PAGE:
Alban Berg

(9 February 1885, Vienna - 24 December 1935, Vienna)


Alban Maria Johannes Berg was an Austrian composer, well known for his atonal and 12-tone compositions. He was a member of the Second Viennese School with Arnold Schoenberg and Anton Webern. The composers of this school theoretically inherited their legacy from a “First Viennese School” (Mozart, Haydn, and Beethoven), although these earlier composers were by no means as closely associated with one another as were those of the Second School.

As a child, his interest manifested more in literature than in music. Around the age of 15 he started teaching himself music, which materialized in his first compositions. In October 1904, Berg became Arnold Schoenberg's student, under which he studied counterpoint, music theory, and harmony. By 1907, he began composition lessons, during this period his output consisted of more than 100 songs and piano duets, most of which remain unpublished.

The musical precepts and the human example provided by Schoenberg shaped Berg’s artistic personality as they worked together for the next 6 years until 1911. In the fall of 1907, Berg's gave his first public performance which included his Piano Sonata (published in 1908). Other noteworthy works composed in this period are: the Sieben frühe Lieder (1905-1908), the Vier Lieder op. 2, the String Quartet op.3, Four Songs (1909) and String Quartet (1910). The main influences on Berg's music were represented by Gustav Mahler and Richard Wagner.

In 1912 Berg finished his first work since his student days with Schoenberg, Five Orchestral Songs. The inspiration for this composition came from postcard messages addressed to both his friends and his foes by the eccentric Viennese poet Peter Altenberg. The performance of two of the songs held at a concert of the Academic Society for Literature and Music in March 1913, provoked a near riot, and had to be halted. After this experience, Berg withdrew the work, which is surely one of the most innovative and assured first orchestral compositions in the literature, and it was not performed in full until 1952 and remained unpublished until 1966.

Influenced by performance of Georg Büchner’s play Woyzeck (the story of a soldier who is tormented by his superiors and ultimately kills himself and his mistress) and maybe by his time in the army during the First World War, from 1917 to 1922, Berg worked on his expressionist opera, called Wozzeck, and upon completion was forced to publish it himself by borrowing the money from his sister Smaragda, to whom the score is dedicated. After 137 rehearsals, Wozzeck (considered the first fully atonal opera)received its premiere on December 14, 1925, after which, Berg began to achieve critical and popular success.

Upon completion of Wozzeck, Berg, who had also become an outstanding teacher of composition, turned his attention to chamber music. His Chamber Concerto for violin, piano, and 13 wind instruments was written in 1925, in honor of Schoenberg’s 50th birthday.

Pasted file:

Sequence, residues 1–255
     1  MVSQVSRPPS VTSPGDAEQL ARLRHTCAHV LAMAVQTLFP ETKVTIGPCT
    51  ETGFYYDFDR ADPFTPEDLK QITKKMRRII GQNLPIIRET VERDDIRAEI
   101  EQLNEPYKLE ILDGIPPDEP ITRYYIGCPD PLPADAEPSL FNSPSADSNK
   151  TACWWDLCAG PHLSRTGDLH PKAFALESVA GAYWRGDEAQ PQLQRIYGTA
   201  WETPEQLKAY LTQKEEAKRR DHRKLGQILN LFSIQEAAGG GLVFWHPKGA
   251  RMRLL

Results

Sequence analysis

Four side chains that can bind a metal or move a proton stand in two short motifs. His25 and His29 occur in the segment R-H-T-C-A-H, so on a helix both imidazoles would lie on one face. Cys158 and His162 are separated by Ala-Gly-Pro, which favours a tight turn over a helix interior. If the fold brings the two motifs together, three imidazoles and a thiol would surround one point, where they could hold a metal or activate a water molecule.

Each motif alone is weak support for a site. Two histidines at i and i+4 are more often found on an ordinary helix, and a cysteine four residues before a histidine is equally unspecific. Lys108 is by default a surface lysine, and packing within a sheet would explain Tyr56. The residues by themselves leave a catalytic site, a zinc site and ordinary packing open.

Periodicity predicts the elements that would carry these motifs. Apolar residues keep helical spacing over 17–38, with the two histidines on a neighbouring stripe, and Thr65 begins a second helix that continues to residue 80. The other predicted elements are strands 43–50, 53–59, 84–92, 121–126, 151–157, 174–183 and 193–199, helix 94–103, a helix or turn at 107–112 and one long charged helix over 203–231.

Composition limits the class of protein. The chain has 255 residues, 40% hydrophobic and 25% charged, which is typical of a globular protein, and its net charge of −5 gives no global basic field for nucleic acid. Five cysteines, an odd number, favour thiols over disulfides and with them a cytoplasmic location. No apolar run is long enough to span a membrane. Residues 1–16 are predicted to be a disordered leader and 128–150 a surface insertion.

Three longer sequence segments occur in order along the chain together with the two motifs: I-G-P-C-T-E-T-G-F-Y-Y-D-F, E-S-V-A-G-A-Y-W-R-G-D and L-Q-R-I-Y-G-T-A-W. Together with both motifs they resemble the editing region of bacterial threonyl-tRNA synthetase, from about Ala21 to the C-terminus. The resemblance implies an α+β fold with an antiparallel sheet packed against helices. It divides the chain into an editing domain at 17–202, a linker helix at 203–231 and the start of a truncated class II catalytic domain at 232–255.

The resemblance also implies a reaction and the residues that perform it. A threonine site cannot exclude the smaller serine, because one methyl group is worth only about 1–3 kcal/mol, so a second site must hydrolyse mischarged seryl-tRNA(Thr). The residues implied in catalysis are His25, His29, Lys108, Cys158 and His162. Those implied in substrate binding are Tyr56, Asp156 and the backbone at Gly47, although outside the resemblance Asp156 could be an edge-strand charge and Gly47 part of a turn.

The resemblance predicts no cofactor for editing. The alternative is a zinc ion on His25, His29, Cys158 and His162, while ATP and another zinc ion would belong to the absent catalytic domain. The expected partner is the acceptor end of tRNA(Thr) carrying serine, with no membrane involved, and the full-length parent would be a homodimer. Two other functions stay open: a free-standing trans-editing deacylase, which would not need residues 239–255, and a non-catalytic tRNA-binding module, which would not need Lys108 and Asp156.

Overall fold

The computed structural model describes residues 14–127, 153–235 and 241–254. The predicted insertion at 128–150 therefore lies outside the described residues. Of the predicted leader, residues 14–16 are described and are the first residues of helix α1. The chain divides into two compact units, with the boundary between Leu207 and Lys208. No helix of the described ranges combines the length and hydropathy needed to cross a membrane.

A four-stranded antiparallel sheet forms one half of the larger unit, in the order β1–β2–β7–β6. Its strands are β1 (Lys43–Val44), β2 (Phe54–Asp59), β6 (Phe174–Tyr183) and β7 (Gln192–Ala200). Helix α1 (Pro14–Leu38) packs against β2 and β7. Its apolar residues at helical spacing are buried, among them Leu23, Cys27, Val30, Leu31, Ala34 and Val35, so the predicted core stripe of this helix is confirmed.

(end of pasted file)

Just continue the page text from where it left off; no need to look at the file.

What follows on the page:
Following the success of Wozzeck, in 1928, Berg began to compose his next and last master piece. He drew his inspiration from the Lulu plays by Wedekind, which dealt with the subject of sexual hypocrisy. His work on this opera, called Lulu, lasted from 1928 to 1935. The opera was a twelve-tone work and was also an example of expressionism in music. This work engaged him, with minor interruptions, for the next seven years, and the orchestration of its third act remained incomplete at his death (it was completed by the Austrian composer Friedrich Cerha and given its premiere in Paris in 1979).

Other well-known Berg compositions include the Lyric Suite (1926), which was later shown to employ elaborate cyphers to document a secret love affair; the post-Mahlerian Three Pieces for Orchestra (completed in 1915 but not performed until after Wozzeck); and the Chamber Concerto (Kammerkonzert, 1923–25) for violin, piano, and 13 wind instruments: this latter is written so conscientiously that Pierre Boulez has called it "Berg's strictest composition" and it, too, is permeated by cyphers and posthumously disclosed hidden programs.

Berg is remembered as one of the most important composers of the 20th century and to date is the most widely performed opera composer among the Second Viennese School. He is considered to have brought more human values to the twelve-tone system, his works seen as more emotional than Schoenberg's. Critically he is seen to have preserved the Viennese tradition in his music.

Berg’s powerful and complex works draw from a broad range of musical resources but are chiefly shaped by a few central techniques: the use of a complex chromatic expressionism, which nearly obscures, yet actually remains within, the framework of traditional tonality; the recasting of classical musical forms with atonal content—i.e., abandoning traditional tonal structure dependent upon a centrally important tone; and a deft handling of the 12-tone approach developed by Schoenberg as a method of structuring atonal music. Berg dealt with the new medium so skillfully that the classical heritage of his compositions is not obliterated, thus justifying the term frequently applied to him: the “classicist of modern music.”

Here  you can find a list of compositions by Alban Berg.